On Monday, Democratic presidential candidate Beto O’Rourke hosted a town hall at the College of Charleston, during which he reiterated his support for late-term abortion in response to an audience question. During his response, O’Rourke said that, because of abortion-clinic regulations in Texas, one-fourth of family planning facilities have shut down and claimed that these policies have made the state “one of the epicenters of this maternal mortality crisis.”
To make this claim, O’Rourke is relying on incorrect data.
A 2016 study in the journal Obstetrics and Gynecology did report a large increase in the incidence of maternal mortality in Texas, but a 2018 study in the same journal — using corrected data — found that the maternal-mortality rate was actually less than half of what was previously reported. Contrary to O’Rourke’s remarks, neither clinic regulations nor funding cuts to Planned Parenthood caused the maternal-mortality rate in Texas to spike.
This is not the first time O’Rourke has blamed high maternal-mortality rates on pro-life policies.
At a campaign event in Nevada this April, O’Rourke claimed that Planned Parenthood “is saving lives” and again cited high maternal-mortality rates in Texas. Unlike the former congressman, some elected officials have shown some integrity and admitted error when they have cited false statistics. In May, for instance, Representative Don Beyer (D., Va.) claimed at a congressional hearing that rate of maternal deaths in Texas doubled after funding cuts to Planned Parenthood. Afterwards, he admitted the error and his communications director called it “an honest mistake.”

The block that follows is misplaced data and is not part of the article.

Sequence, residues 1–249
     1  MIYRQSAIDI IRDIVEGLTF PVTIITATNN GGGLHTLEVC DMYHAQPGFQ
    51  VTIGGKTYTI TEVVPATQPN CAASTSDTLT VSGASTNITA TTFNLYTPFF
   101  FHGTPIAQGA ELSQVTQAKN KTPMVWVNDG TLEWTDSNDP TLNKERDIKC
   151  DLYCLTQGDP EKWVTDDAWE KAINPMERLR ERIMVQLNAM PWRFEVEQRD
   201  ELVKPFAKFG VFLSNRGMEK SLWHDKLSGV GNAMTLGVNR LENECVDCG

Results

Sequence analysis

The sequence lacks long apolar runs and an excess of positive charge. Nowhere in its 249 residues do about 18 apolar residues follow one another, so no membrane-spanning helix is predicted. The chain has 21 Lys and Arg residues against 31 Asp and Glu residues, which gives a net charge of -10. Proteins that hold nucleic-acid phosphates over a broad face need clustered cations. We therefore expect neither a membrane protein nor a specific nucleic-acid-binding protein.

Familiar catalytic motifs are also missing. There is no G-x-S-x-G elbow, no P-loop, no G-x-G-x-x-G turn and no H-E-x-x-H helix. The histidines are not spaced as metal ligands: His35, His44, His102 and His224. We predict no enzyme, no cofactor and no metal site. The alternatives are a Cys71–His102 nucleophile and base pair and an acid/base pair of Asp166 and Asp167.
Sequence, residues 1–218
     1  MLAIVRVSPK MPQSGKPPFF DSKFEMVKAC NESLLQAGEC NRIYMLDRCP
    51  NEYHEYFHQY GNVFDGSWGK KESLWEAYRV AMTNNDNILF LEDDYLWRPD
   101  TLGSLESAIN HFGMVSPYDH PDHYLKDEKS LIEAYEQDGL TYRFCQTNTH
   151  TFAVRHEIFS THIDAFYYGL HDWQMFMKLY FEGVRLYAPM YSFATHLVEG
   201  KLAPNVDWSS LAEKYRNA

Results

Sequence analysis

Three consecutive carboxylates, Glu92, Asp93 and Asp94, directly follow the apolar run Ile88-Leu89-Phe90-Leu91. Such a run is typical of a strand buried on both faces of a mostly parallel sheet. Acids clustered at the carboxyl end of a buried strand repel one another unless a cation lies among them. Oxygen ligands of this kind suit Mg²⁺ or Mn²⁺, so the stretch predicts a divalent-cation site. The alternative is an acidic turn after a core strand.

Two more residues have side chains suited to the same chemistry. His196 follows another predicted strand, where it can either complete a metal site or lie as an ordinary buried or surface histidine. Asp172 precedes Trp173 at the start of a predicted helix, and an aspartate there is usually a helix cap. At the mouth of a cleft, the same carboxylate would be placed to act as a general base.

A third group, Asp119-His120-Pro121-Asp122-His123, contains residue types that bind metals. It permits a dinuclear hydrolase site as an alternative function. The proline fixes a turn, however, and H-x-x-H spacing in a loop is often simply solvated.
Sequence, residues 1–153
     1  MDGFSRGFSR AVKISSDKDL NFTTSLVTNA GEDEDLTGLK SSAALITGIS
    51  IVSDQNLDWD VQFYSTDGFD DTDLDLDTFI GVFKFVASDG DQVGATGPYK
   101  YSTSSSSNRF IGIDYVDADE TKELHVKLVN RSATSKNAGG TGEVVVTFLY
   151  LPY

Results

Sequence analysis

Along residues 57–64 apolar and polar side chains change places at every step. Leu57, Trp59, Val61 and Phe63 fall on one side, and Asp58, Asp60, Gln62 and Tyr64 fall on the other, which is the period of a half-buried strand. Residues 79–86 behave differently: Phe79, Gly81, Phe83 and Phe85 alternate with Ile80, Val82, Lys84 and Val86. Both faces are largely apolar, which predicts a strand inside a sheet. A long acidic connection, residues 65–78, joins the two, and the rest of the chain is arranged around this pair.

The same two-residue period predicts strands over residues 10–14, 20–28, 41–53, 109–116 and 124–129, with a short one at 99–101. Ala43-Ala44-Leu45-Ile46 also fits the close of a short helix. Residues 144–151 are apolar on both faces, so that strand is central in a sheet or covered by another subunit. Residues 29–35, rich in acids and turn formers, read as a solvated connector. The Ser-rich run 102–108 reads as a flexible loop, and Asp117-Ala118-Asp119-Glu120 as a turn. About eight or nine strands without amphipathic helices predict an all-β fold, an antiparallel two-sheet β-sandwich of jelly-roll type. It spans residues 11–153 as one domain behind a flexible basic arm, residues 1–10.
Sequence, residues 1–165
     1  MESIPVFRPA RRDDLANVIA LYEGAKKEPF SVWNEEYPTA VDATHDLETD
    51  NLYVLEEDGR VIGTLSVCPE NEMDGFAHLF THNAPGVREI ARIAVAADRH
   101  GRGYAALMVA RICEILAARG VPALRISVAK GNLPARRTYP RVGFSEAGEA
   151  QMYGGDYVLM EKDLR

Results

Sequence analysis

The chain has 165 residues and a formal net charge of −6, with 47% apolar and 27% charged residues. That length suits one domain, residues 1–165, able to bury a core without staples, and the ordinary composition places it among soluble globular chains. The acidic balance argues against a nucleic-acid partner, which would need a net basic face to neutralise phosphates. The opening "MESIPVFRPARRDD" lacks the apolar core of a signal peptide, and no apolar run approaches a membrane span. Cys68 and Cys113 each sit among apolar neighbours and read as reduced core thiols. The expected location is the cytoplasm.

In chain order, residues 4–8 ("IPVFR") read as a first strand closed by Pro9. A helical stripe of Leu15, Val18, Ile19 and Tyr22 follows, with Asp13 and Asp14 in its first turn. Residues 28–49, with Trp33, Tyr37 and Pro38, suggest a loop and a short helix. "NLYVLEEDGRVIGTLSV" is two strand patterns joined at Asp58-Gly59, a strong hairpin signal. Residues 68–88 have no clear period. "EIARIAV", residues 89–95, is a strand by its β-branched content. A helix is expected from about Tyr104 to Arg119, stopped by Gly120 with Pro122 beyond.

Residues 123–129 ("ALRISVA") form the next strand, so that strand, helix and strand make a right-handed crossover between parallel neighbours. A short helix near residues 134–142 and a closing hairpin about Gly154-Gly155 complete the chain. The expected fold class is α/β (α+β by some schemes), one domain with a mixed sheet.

But O’Rourke, like many liberal activists, seems very invested in the false narrative that pro-life policies created a public-health crisis in Texas. While he’s entitled to his own opinion about different types of pro-life laws, he is not entitled to his own facts.
Since Texas defunded Planned Parenthood, the birth rate among minors (ages 13-17) in Texas fell by more than 49 percent and the abortion rate among minors fell by more than 57 percent. Presidential candidates should highlight these positive public-health trends in the Lone Star State instead of spreading the false narrative that cuts to Planned Parenthood caused a sharp increase in the rate of maternal mortality.
LifeNews Note: Michael J. New is an Associate Professor of Economics at Ave Maria University and an Associate Scholar at the Charlotte Lozier Institute. He is a former political science professor at the University of Michigan–Dearborn and holds a Ph.D. from Stanford University. He is a fellow at Witherspoon Institute in Princeton, New Jersey.
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Author: Michael New, Ph.D.